Read "The 4-Hour Body" by Timothy Ferriss (Cover To Cover)

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I must admit that I don’t finish many books, fiction or non-fiction.  In fact, I can’t tell you the last time I read a book from cover to cover.  I use a lot of books for reference, but I almost never read books for pleasure.  I tend to read short items, like articles online.  I suppose that’s one of the reasons this particular book attracted me.  It’s broken up into very manageable pieces.

I first heard about
“The 4-Hour Body” from the Facebook feed of Brian Mackenzie (B-Mack), founder of CrossFit Endurance, and about a week or so later, Tim Ferriss appeared on Robb Wolf’s “Paleo Solution” podcast (Episode 58).  B-Mack posted the following trailer that included a section with himself in it:

Because I respect these two men a great deal, and it was only
$14 on Amazon, I decided to order it in mid-December.  First of all, the book is almost 600 pages, so it’s a pretty good value (assuming the content is good-in this case, it is!).  One of the aspects of this book I like is that you don’t have to read it the way I read it.  If you are interested in one part of it, the chapters are fairly independent of one another.  The topics that it covers are far-reaching, and it talks about almost any goal one might have when it comes to the human body.  It has information on:

  • -Fat loss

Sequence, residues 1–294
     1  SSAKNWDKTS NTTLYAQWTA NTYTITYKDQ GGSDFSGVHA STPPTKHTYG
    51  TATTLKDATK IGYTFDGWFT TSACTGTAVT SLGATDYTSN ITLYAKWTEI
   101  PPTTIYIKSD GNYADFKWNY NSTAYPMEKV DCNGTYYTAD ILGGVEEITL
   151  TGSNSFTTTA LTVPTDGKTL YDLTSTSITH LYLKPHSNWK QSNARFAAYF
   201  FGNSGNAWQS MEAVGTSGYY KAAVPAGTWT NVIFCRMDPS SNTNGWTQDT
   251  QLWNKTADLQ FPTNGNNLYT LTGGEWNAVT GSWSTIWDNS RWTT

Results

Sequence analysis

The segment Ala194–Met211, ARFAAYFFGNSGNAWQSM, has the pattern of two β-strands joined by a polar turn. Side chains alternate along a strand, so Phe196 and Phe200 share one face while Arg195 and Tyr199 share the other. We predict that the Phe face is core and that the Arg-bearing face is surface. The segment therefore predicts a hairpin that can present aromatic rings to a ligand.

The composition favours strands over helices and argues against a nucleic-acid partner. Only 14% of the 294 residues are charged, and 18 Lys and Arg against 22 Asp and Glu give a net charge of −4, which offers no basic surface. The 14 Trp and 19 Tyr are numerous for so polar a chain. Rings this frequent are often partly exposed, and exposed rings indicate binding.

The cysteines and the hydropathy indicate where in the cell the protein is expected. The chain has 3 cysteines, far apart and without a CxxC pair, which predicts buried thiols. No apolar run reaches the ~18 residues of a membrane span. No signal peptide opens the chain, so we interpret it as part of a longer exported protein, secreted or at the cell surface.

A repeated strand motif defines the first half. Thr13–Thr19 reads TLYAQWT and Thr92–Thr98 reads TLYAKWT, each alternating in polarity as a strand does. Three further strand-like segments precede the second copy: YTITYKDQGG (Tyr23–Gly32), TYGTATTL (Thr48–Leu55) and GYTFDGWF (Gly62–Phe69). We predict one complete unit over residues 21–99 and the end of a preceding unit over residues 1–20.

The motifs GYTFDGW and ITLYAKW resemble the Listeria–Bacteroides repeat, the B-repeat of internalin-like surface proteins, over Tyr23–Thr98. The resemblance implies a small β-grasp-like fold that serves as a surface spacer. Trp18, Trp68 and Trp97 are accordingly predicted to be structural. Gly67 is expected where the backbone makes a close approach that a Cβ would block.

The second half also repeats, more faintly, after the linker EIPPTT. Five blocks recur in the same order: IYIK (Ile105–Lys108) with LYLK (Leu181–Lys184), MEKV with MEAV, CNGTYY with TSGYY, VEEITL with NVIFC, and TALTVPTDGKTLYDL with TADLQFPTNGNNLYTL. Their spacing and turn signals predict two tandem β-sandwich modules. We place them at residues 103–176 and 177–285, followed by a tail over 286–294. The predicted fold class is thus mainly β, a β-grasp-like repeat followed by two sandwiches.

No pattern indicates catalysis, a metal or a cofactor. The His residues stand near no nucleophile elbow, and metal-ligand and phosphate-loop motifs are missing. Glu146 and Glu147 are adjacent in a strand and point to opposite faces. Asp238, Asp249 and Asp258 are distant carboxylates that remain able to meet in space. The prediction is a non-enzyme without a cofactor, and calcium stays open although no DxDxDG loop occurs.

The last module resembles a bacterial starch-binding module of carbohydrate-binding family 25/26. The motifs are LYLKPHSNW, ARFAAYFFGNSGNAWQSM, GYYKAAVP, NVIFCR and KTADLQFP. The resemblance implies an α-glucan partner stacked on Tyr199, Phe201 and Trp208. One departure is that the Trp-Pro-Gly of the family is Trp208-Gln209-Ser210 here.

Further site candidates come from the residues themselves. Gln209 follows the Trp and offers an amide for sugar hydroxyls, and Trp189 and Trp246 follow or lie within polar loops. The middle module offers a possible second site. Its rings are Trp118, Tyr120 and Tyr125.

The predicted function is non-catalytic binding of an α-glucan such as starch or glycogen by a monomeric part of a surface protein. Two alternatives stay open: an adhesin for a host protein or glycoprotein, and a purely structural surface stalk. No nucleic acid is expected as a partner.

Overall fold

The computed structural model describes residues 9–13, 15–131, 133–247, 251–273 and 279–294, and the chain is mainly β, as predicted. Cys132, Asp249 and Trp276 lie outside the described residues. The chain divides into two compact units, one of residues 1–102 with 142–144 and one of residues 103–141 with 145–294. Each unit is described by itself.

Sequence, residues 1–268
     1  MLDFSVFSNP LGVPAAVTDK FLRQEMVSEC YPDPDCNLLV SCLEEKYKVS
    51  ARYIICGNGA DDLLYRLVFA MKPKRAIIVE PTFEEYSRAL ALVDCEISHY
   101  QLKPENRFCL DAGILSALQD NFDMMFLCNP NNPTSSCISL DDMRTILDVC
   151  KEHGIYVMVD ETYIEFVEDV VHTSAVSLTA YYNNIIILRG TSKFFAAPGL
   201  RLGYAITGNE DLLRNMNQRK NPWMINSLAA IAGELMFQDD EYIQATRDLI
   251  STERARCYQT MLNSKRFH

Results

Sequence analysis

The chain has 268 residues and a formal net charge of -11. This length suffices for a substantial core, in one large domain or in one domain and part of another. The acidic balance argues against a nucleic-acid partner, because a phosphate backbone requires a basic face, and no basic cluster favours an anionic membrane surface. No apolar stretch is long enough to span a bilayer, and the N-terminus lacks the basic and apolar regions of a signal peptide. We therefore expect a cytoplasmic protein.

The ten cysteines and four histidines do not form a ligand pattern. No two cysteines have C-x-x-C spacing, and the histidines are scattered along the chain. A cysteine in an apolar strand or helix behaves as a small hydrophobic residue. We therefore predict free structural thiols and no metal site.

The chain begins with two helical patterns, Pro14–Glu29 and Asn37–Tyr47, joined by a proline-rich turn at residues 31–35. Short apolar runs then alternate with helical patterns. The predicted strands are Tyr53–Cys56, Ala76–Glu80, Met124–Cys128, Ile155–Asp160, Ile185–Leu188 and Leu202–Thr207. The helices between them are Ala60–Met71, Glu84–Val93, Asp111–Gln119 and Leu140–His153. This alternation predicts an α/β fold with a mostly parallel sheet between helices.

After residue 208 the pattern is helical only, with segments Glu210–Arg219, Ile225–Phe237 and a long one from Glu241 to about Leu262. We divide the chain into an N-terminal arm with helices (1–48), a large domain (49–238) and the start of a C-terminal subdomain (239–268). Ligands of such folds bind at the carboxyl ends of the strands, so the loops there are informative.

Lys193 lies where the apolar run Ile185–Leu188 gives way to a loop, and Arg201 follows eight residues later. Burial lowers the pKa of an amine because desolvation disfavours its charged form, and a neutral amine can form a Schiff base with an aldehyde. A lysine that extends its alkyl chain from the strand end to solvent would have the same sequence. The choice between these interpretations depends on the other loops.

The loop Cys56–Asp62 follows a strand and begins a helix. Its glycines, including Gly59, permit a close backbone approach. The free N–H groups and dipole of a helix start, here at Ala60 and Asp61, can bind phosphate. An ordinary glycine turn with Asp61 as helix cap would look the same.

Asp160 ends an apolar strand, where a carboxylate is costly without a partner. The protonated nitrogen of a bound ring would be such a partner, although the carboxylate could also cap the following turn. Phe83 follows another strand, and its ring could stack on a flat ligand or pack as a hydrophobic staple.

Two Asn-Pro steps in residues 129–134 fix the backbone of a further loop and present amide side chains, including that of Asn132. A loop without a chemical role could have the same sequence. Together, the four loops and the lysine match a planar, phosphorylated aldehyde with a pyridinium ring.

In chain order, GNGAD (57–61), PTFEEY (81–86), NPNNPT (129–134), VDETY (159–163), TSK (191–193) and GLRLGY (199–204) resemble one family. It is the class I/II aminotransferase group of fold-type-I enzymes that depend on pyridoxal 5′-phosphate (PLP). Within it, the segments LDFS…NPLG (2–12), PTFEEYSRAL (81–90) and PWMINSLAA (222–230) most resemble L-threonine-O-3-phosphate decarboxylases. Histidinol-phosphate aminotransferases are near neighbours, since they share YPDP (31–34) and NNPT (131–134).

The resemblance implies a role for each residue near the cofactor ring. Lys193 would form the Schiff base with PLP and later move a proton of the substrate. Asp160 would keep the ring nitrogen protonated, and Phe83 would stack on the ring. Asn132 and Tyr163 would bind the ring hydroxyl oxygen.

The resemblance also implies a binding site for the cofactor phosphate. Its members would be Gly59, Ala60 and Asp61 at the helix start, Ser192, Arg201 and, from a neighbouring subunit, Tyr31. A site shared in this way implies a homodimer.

• -Muscle gain
  • -Better sex and increasing testosterone and sperm count
  • -Improving sleep (and being able to live on less sleep)
  • -Reversing injuries (and preventing new ones)
  • -Getting stronger
  • -Jumping higher
  • -Sprinting faster
  • -Running longer (and more efficiently)
  • -Holding your breath for extended time
  • -Hitting a baseball
  • -Increasing your swimming capacity
  • -Living a longer life

Obviously, your particular fitness/health goals would determine which chapter(s) would be pertinent to you, but I found the entire book really interesting.  The fat burning section was by far the largest, probably because it’s the part most people would be interested in, but for my money, I really appreciated the “Pre-hab” chapter on compensating for muscle imbalances as well as the sections on running endurance training (where B-Mack and
Kelly Starrett make appearances) and improving the bench press.

One of the things I thought was awesome was the simplicity of the diet he recommends (
the Slow Carb Diet).  It’s only got 5 rules to it, and one of them asks you to pig out one day a week. 

I enjoyed this book, and despite reading through it, I’m definitely going to use it as reference in the future.  I am going to try some of the advice contained in its pages, but only time will tell if it will be effective. 

In the end, the final message gave me a sense of why improving our bodies is important and not just superficial.  When other things in your life are not going well, “if you add ten laps to your swimming, or if you cut five seconds off your best mile time, it can still be a good week.”  The improvements you make on the outside change who you are on the inside.  After losing almost 30 pounds and gaining an enthusiasm for fitness I never thought I’d ever have, I believe this to be true, and that’s what makes reading 600 pages about it worthwhile.  :)

Related Items/Cool Stuff:
The 4-Hour Body: An Uncommon Guide to Rapid Weight Loss, Incredible Sex, and Becoming Superhuman by Timothy Ferriss
Take a Nap! Change Your Life. by Sara Mednick and Mark Ehrman
The Paleo Solution by Robb Wolf
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